Often when your life is pretty easy, like ours is now, it's too easy to get lazy. And, as I look back on this blog and realize that I've been lazy enough to only write one thing in the last two months, I guess I'm the South American poster child for sloth.
For sometimes, it's too easy to just sit here in the apartment and look out over the city from the seventeenth floor, and just turn another page on my Kindle or load up another video on the computer instead of making the most of Santiago. (Of course, Santiago conspires to keep me in with its prodigious air pollution, which both aggravates my heretofore slight asthma and my heretofore young eyes.) Only a month to go here before a brief sojourn back to the US. Then we're moving somewhere else in Chile, like Viña del Mar, where there's enough of a city to be interesting, and enough of an ocean outside the front door for Kris to keep up her surfing.
In the meantime, a little taste (more to come, I swear) of what we have done here in Santiago other than look out the window at the mountain-hiding smog.
Last night we went to Teatro Mori (one of about a dozen small theaters in the neighborhood) to see a modern dance/flamenco-influenced interpretation of Pablo Neruda's Twenty Love Poems and a Song of Despair called Los Amantes (The Lovers) by a company called Luna Calé. If you've never seen Flamenco–even though this was not the pure Flamenco of Andalucía–you should make an effort to find it wherever you are. As a friend of mine once said, “It's like sex, except better.” At any rate, this was an hour of quite good dance and remarkable music and poetry. Neruda, according to another Spanish friend, makes her quiver. So, get some. Neruda's so good he survives translation, so you can make American women quiver, too, if you're willing to memorize one or two.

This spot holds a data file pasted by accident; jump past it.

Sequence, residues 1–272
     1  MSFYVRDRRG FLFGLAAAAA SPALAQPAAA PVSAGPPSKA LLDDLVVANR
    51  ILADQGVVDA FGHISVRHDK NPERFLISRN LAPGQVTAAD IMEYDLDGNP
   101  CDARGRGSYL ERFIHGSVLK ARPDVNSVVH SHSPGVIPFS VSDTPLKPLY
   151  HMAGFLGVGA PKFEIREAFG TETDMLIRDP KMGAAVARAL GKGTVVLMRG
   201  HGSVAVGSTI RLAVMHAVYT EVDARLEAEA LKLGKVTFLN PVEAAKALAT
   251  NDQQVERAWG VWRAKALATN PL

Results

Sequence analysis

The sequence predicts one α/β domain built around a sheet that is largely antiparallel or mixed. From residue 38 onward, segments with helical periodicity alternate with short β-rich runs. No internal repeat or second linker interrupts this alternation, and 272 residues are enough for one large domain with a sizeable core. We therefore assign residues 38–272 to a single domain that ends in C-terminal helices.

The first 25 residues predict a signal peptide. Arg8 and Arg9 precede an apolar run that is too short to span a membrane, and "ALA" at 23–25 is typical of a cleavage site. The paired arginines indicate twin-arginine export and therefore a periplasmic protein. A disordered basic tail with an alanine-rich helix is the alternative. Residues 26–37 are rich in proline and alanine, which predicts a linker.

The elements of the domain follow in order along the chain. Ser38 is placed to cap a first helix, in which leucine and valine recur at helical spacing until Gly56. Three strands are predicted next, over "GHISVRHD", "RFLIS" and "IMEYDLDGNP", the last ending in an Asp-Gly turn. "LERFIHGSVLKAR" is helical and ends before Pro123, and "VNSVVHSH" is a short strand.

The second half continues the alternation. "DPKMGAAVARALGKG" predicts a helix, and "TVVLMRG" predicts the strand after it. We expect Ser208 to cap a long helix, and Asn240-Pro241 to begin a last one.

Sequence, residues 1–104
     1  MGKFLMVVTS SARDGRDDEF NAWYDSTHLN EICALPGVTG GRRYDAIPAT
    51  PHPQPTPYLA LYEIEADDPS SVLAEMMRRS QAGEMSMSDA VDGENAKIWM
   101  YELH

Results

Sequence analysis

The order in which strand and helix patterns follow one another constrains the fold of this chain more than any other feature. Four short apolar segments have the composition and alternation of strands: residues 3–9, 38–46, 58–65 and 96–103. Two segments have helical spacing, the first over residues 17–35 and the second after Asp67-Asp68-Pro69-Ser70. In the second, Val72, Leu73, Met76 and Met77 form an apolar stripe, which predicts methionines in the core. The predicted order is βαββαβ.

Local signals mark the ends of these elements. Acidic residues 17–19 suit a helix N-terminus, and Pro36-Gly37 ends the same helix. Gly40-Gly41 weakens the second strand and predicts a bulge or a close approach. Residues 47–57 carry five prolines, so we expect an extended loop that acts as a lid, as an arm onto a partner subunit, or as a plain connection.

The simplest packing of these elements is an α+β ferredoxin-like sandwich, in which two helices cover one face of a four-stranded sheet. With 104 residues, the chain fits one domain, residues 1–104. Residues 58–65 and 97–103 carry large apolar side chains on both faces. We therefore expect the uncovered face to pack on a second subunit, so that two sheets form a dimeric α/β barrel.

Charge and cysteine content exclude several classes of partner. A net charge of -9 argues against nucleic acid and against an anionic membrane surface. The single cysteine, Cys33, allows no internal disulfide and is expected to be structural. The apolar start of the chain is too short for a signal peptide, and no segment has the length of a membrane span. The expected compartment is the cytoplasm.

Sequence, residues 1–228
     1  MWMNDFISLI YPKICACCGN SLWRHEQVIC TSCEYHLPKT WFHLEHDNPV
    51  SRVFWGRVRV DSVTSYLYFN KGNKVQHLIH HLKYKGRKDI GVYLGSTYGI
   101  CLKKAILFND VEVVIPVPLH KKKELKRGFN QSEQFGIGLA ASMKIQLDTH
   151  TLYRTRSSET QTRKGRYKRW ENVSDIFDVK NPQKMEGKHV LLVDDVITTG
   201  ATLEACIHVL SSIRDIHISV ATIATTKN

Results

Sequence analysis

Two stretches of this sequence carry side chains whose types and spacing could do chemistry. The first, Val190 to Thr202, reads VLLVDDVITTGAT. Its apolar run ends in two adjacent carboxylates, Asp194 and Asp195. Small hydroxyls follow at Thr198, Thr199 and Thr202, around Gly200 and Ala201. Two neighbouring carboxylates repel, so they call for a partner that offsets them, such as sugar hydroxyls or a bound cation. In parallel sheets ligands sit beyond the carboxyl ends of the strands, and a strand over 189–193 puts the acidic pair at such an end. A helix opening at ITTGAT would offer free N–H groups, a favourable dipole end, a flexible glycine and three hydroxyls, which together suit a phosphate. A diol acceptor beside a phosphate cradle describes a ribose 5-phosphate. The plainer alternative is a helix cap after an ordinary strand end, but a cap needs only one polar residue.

If you need convincing, here's an excerpt from one of the poems they used last night. Neruda published this book when he was 19, which should give you an idea of how passionate these poems are, as well as make you think about what you were doing when you were 19 and what a waste of time it was.
Oddly, the recorded music they used had English lyrics. Probably because the music itself was so powerful and that was the version it came in. The dancers sometimes chanted in Spanish, though, for the rest of the audience. I'm going to find out what the music was, and let you know in case you want to buy yourself a copy and imagine what twelve beautiful people dancing to it would look like. In the meantime, above is a still I found on the web. Now, imagine undulation.
Get all our travel tips delivered to your inbox
Subscribe to our email newsletter